Your ND photographers have been quite busy of late, so it’s an opportune time to share their photographs. Especially so for the two hardest working photographers in the East: Steve Mack and Chad Cochran (both from Ohio). Plus, C. Elliott in Arizona, Peter Dervin and Kirk Stauffer from the West Coast, Carol Graham from Scotland, and a couple of first-timers, John Lynn Fowler and Eric Gordon.
Chad got some gorgeous B&W shots of Lucinda Williams, one of which is the lead this week. Faithful readers of this column know how I feel about Williams, so I won't go too overboard here, other than to say she's the best singer-songwriter in the whole world, and I'll stand on anybody's coffee table in my cowboy boots and say that. Plus, This Sweet Old World is one of two or three essential albums of the year. See her as often as you can.
He also got great shots of rising Americana artist Colter Wall and the established Bottle Rockets. But his pièce de résistance was catching some intimate moments during one evening of Jason Isbell’s six-night stand at the Ryman last month. As if to rebuke Jason Aldean, who postulated that all women country artists sound the same, Isbell had a different female artist open for him each of those nights. On the night Chad was there, fellow Ohio native Lydia Loveless opened. It was quite something by all accounts. He also got some backstage shots, so check them out.
Speaking of Aldean, let me get my dig in here: It's apparent that he doesn't get out much. But then again, I've said the same thing about male vocalists in straight country with their interchangeable collarless shirts, cowboy hats, and perfectly coiffed 5-day-old beards. Another insight on straight country comes from Tom Petty, who I heard say in a YouTube video, "Country bands are just bad rock bands with a fiddle."
Steve, also based in Ohio, got some great shots of Marty Stuart and His Fabulous Superlatives, Jenni Lynn Gardner, the Infamous Stringdusters, the Travelin’ McCourys, and the one and only Ani DiFranco, who never ceases to amaze. Even herself sometimes, I think. Not to be outdone by anyone, he also caught Della Mae with the Shook Twins and Phoebe Hunt. That surely was a show to die for.
Elliott in Arizona continues her eclectic ways and captured a wide spectrum of genres: Scott Biram’s blues, Hiss Golden Messenger’s contradictions and compassion, and the Devil Makes Three’s swinging distillation of rugged roots music. Plus relative newcomer Chelsea Williams, who, per Elmore magazine, mixes "tantalizing vocal skills with musical accents reminiscent of 'Alice in Wonderland' and twangs that typically accompany a Western film" to the original country rock sound of Poco.
Kirk Stauffer and Peter Dervin
Further west, Kirk caught ZZ Ward and Lucy Rose. Meanwhile, Peter was busy with the Hard Working Americans and the Tedeschi Trucks Band on the same bill! As far as I am concerned, we need Snider now more than ever. Besides, I coined this phrase sometime back: “In Todd We Trust.”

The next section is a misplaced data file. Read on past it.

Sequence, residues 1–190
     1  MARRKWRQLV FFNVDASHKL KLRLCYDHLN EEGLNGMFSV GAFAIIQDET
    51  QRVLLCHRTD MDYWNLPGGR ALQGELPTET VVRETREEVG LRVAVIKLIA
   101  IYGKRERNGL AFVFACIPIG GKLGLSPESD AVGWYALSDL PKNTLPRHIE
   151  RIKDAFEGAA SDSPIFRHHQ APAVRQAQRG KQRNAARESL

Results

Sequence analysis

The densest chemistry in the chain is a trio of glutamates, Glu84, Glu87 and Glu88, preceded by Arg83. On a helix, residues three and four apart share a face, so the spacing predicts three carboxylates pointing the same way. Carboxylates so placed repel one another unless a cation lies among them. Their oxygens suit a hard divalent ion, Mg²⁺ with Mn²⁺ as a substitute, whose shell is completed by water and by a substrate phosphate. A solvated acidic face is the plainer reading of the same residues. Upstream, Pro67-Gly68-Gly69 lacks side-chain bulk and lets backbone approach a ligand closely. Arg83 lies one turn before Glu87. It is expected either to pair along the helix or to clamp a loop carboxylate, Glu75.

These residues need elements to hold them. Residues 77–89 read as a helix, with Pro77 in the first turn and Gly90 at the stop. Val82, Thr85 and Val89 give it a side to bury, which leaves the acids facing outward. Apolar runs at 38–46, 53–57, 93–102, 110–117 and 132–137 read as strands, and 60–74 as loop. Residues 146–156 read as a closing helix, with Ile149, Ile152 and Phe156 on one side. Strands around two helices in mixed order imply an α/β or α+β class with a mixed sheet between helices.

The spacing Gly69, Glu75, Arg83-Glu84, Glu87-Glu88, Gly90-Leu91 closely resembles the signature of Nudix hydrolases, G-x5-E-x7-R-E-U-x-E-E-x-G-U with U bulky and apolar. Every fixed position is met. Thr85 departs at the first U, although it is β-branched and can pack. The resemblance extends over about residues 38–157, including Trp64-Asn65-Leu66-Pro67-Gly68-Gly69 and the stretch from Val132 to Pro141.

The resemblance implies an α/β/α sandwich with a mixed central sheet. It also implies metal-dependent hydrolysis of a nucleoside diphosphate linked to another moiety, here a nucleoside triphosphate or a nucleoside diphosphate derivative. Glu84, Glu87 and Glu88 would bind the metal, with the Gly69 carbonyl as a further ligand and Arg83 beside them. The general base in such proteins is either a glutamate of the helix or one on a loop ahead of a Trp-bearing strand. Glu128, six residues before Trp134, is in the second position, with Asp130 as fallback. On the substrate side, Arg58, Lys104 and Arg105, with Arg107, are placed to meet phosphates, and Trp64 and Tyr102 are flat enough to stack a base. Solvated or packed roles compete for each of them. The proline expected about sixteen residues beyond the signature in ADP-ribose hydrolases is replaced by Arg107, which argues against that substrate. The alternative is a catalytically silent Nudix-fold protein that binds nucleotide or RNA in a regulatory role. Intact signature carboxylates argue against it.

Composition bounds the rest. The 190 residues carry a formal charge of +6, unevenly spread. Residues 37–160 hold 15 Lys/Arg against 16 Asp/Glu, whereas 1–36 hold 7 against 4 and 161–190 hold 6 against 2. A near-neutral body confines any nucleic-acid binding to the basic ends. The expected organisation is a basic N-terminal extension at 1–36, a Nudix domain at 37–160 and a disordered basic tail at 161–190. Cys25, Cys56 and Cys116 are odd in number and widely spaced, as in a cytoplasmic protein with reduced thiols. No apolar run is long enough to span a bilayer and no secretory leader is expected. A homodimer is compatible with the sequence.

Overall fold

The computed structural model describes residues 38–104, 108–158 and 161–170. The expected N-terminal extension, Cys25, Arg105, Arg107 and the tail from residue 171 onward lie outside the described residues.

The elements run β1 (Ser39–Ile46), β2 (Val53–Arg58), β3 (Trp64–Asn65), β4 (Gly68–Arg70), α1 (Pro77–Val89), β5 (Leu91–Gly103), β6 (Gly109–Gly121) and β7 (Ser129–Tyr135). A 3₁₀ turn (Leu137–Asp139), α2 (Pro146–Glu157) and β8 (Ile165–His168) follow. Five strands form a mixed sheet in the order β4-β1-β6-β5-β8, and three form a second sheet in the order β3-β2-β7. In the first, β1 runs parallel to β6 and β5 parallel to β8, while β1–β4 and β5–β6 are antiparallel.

Carol (my partner in crime in Nashville) has been busy as well of late, as she covered the Glasgow Americana festival that just ended and authored an article on the fest was featured on ND’s homepage last week. You also may recall her photos from AmericanaFest and her other features for ND, including Celtic Connections. She was also able to catch a mutual favorite, Rhiannon Giddens.
Eric Gordon and John Lynn Fowler
Also featured are first timers: Eric Gordon’s Joe Louis Walker taken at the King Biscuit Blues Fest and John Lynn Fowler of the venerable Ray Wylie Hubbard, who never ceases to tell the greatest of stories. He should get an episode on Mike Judge’s Tales From the Tour Bus TV series next season.
To conclude this week’s adventure in roots photography, I’ll share two disparate performances I saw within days of each other. First was two longtime faves, Lyle Lovett and John Hiatt. Just the two them, six guitars, several tall glasses of tea and two tour buses. They swapped stories, songs, and remembrances and took requests with all the graciousness anyone could possibly offer. While primarily digging deep within their own catalogs, they took time out to pay homage to Chuck Berry and Michael Franks. You know the former, you should get to know the latter, whose 1970s records were pop jazz at their finest.
After the show, Lovett came up to me and swore he knew me from somewhere, and we ended up talking for quite some time. Hiatt stood his ground and grinned. Nice moment shared with two giants who didn’t have to impress anyone, secure in who they are, yet also quite humble as they took nothing for granted.
On the other end of the spectrum were two young’uns joining forces at the Ryman who shook the house, and were thoroughly enjoyed by a most diverse (age-wise) audience: Courtney Barnett and Kurt Vile. Barnett brought her lanquid fierceness and Vile his grunge-like dark atmospheric rock to an intense, yet remarkably self-contained set. While each had his/her fans, together there was a sweet meeting of the minds and a lot of hugs by their fans. To make it even more homey, Jen Cloher (Barnett's partner) brought her own brand of darkness to the evening's festive atmosphere, albeit on the plaintive side. That's a compliment, by the way.
Enough words, let's get to those photographs now -- I cannot recall when I had so much pleasure preparing a column. I hope you feel a similar sense of excitement.